Securing the Deployment Pipeline
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This course explores how to secure your deployment pipelines on GCP. We will cover the four main techniques to securely build and deploy containers using Google Cloud and you will follow along with guided demonstrations from Google Cloud Platform so that you get a practical understanding of the techniques covered.
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By completing this course, you will understand:
- The advantages of using Google managed base images
- How to detect security vulnerabilities in containers using Container Analysis
- How to create and enforce GKE deployment policies using Binary Authorization
- How to unauthorized changes to production using IAM
This course is intended for:
- Infrastructure/Release engineers interested in the basics of building a secure CI/CD pipeline in GCP
- Security professionals who want to familiarize themselves with some of the common security tools Google provides for container deployment
- Anyone taking the Google “Professional Cloud DevOps Engineer” certification exam
To get the most out of this course, you should be familiar with:
- Building CI/CD pipelines
- Building containers and deploying them to Kubernetes
- Setting up IAM roles and policies
Now, you can let Google automatically take care of your base image, but you're still on the hook for securing the other layers. Luckily, Google has made detecting issues in your images easier by providing a service called Container Analysis. Google Container Analysis can perform vulnerability scans on your Linux amd64 images. Container Analysis supports both automatic scanning, via the Container Scanning API, and manual scanning, via the On-Demand Scanning API. You're billed for every scanned image, so you can choose the method which best suits your needs.
Automatic scanning performs vulnerability scans on container images stored in either Artifact Registry or Container Registry. Once enabled, every time you push an image, a scan will be triggered. Now, scans happen only once based on the images digest. That means that adding or modifying tags will not trigger new scans, only changing the contents of the image will.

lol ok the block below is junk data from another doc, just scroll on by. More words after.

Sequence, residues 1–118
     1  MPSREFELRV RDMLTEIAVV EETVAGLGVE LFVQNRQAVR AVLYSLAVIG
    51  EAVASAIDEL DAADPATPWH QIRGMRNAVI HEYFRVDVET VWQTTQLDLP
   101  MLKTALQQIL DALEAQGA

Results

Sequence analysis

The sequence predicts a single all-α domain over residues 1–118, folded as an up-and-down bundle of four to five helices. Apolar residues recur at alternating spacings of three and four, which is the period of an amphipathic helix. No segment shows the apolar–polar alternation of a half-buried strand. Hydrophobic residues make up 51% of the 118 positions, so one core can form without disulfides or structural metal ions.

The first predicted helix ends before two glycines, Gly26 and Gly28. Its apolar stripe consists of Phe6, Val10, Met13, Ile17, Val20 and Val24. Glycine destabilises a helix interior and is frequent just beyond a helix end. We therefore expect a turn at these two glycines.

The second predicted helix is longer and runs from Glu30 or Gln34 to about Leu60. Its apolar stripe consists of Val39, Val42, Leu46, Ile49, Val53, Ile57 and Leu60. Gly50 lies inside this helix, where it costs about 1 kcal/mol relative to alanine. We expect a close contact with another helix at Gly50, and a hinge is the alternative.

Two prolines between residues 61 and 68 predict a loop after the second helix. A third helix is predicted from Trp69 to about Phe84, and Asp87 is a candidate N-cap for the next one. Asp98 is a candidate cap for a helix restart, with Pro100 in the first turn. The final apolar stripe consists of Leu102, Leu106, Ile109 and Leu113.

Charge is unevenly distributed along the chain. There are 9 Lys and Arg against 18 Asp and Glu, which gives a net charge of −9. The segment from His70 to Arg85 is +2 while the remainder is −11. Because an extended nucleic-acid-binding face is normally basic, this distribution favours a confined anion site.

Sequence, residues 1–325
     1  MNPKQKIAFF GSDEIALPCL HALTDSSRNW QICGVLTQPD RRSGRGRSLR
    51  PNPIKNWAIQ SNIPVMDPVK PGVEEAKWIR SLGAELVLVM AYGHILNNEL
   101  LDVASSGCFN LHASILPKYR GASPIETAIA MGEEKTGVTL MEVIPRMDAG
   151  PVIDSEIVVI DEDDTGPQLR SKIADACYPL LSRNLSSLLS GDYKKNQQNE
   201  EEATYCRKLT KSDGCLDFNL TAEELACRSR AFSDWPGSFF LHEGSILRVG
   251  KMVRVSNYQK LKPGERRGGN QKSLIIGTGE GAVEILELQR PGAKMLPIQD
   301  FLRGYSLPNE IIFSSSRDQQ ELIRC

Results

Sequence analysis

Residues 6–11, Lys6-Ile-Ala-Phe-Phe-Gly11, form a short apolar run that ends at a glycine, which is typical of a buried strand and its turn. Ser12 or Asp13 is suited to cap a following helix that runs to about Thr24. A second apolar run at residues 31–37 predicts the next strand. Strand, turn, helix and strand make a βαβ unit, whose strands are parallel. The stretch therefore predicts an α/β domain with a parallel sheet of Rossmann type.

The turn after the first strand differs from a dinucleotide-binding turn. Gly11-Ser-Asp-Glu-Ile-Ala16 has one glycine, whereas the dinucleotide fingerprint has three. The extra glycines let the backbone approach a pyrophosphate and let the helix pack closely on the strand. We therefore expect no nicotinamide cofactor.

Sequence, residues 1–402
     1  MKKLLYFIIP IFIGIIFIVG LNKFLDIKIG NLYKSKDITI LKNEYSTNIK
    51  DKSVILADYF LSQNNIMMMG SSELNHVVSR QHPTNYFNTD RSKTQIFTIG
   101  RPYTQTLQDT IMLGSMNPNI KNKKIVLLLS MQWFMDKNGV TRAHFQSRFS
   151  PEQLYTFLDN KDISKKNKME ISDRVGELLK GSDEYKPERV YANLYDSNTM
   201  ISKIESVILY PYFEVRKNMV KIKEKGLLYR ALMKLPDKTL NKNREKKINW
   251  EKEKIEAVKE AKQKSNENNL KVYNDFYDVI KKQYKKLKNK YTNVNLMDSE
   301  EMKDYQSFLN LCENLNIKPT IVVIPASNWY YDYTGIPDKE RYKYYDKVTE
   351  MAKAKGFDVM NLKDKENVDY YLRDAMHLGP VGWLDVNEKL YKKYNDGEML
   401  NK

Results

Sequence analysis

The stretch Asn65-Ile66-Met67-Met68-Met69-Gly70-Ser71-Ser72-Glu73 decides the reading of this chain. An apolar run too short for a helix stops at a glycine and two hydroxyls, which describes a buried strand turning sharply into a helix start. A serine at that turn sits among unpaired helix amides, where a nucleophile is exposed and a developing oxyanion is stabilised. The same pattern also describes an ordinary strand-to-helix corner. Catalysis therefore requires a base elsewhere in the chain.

Vulnerability information is continuously updated for up to 30 days whenever new vulnerabilities are discovered, so you don't need to constantly rescan your images every day to identify new defects. After 30 days, images are considered stale and the metadata is no longer updated.
Now to extend the monitoring window, you'll need to push the image again, and it is possible to automate re-pushing containers every 30 days, if you desire. With On-Demand Scanning, you can manually scan images in the Container Registry, Artifact Registry, or even locally on your own machine. Results are available for up to 48 hours after the scan is complete.
Unlike automatic scans, this will not continuously monitor and notify you of newly discovered vulnerabilities. However, it is useful for when you desire full control over what images are scanned and when. It also can be used for scanning images locally before committing them to them a registry.
Now, when the scan of an image is complete, a list of detected vulnerabilities is generated. This list includes the name of the package that contains the vulnerability, the severity, from critical to minimal, and whether a known fix is available. All results are stored as metadata, which can be accessed via API and also can be used to make decisions during your deployment process. The database for Container Analysis is continuously updated, every time a new security threat is identified. So even if an image came up clean in the past, a new update might now flag it as compromised.
Now, Container Analysis won't detect every single possible security issue. As I said, it currently only supports Linux-related issues on the amd64 platform. Windows containers are not covered. But it can be an easy and effective way to identify the most common security problems.
Daniel began his career as a Software Engineer, focusing mostly on web and mobile development. After twenty years of dealing with insufficient training and fragmented documentation, he decided to use his extensive experience to help the next generation of engineers.
Daniel has spent his most recent years designing and running technical classes for both Amazon and Microsoft. Today at Cloud Academy, he is working on building out an extensive Google Cloud training library.
When he isn’t working or tinkering in his home lab, Daniel enjoys BBQing, target shooting, and watching classic movies.